okie dokie then i really didn't miss much then, lol, SSDD...trying to figure the reasoning behind turning 92 unless they are thinking 94 will cut a path, but didn't think any of them were really strong enuf to do that at this point...guess time will tell...
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Quoting KoritheMan:


Yep.


thanks but i was looking for something like a gif
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Quoting tiggeriffic:


hey baha...poppin in for a few before i hit the bed... workin that 12 today wore me out lol... wanna fill me in on the skinny with our train...short version is ok lol...dont think my eyes could handle going thru multiple pages tonight lol
Hey, tig.... did anybody catch u up? I went over to ossqss's blog to see what was on the contest list he has over there...

Anyhoo... today... we had 4 circles at the beginning.... then at 11 a.m. they made 95L into TD6.... kept 93L the same, downgraded 92L to 30%, and brought 94L [the one that is Emily remnants] up to 30%.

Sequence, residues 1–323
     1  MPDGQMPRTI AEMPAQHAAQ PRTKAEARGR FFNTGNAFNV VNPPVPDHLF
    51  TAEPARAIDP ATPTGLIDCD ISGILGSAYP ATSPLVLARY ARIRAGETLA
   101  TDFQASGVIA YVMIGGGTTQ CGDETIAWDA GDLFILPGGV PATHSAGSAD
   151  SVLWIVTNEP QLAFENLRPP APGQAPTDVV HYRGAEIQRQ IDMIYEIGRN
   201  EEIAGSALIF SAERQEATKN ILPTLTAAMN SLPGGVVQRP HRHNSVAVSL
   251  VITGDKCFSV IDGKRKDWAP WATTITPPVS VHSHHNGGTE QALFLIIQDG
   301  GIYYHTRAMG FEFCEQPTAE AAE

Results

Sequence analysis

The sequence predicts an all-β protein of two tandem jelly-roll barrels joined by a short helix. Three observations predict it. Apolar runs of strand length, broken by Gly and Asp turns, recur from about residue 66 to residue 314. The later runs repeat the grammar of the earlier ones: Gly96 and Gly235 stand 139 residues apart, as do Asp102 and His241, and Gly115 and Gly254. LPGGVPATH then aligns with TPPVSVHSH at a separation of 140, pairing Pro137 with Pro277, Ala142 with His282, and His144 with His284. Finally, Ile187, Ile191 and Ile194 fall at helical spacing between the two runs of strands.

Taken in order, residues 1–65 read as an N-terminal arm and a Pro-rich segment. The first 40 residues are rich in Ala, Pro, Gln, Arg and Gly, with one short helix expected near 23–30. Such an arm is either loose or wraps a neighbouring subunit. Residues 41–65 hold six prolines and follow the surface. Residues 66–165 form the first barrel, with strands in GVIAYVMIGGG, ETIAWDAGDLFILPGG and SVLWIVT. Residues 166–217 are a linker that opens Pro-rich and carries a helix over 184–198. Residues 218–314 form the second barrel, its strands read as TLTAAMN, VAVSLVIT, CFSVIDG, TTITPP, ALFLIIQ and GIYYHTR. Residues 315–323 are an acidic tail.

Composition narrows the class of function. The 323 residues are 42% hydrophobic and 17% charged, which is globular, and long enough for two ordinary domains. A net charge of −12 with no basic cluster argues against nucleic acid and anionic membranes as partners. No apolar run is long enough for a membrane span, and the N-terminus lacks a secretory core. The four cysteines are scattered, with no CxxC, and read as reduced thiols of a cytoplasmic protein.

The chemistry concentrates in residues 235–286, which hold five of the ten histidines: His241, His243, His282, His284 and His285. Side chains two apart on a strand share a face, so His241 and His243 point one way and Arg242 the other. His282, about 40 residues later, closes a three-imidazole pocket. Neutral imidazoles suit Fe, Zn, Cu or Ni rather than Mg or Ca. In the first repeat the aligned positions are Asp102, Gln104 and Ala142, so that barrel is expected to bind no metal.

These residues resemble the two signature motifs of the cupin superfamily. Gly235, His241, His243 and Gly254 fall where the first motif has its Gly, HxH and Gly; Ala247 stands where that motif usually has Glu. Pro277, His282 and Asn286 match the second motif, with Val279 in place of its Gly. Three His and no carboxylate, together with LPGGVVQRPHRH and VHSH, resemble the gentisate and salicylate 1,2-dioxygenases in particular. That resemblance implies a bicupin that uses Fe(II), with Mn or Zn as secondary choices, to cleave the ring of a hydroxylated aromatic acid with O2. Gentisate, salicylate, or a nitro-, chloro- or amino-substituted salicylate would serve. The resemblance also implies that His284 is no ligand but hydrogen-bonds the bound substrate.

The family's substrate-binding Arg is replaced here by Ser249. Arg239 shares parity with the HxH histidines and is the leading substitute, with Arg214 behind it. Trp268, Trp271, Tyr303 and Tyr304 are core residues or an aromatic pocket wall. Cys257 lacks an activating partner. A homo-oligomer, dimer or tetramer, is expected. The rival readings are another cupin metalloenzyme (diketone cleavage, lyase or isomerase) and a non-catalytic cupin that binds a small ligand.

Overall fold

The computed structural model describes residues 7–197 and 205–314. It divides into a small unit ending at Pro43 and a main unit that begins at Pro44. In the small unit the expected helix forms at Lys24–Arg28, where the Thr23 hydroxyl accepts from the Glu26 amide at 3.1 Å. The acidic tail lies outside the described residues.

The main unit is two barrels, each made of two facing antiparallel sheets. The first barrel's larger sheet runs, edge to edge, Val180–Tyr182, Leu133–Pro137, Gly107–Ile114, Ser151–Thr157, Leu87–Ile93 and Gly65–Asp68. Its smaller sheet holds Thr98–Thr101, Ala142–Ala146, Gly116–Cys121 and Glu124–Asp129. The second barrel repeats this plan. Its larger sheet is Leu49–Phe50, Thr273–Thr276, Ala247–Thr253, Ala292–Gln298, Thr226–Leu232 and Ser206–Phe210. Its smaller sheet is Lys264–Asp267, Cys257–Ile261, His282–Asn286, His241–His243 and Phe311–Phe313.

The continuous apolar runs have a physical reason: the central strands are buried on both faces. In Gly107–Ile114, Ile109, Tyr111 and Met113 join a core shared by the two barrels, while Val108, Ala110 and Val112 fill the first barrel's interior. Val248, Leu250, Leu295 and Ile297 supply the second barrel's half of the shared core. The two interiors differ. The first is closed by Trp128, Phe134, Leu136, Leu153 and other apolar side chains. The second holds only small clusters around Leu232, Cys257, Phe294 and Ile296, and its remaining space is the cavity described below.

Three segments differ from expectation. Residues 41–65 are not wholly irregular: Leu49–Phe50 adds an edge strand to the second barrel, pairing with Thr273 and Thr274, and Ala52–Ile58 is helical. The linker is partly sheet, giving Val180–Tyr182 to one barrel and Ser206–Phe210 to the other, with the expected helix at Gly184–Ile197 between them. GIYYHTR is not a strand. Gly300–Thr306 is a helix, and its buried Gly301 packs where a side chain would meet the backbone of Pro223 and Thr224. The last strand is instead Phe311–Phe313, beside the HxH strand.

Only one expected to have any long-term land impact is 93L.... everything else basically forecast to either fizzle or head out to sea.

Insert regular blog bickering and lower than average blog jokes.... that's about it...
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Good Night, I leave you with 92L.
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I'm out for the night, and most of the weekend, everyone.

Be back Sunday evening.
Member Since: July 6, 2010 Posts: 113 Comments: 32249
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Well, I guess my first guess was right...NHC keeping it as a Tropical Depression. That being said...It may not make it to TS status.
Member Since: July 6, 2010 Posts: 113 Comments: 32249
Quoting KoritheMan:


Hardly "tough" if you ask me.
Lol

Quoting Levi32:


In addition to Kori's post, there was also Hurricane/Typhoon Ioke in 2006, one of the longer tracks that there is transversing multiple Pacific basins.



Dora in 1999 had a long track as well:

Interesting to see such a long period of due west with Dora's track. Several thousand miles of straight west.
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Tropical Depression SIX Storm Archive
...TROPICAL DEPRESSION MOVING TOWARD THE OPEN NORTH ATLANTIC OCEAN...
11:00 PM EDT Fri Aug 12
Location: 36.6°N 61.3°W
Max sustained: 35 mph
Moving: ENE at 22 mph
Min pressure: 1010 mb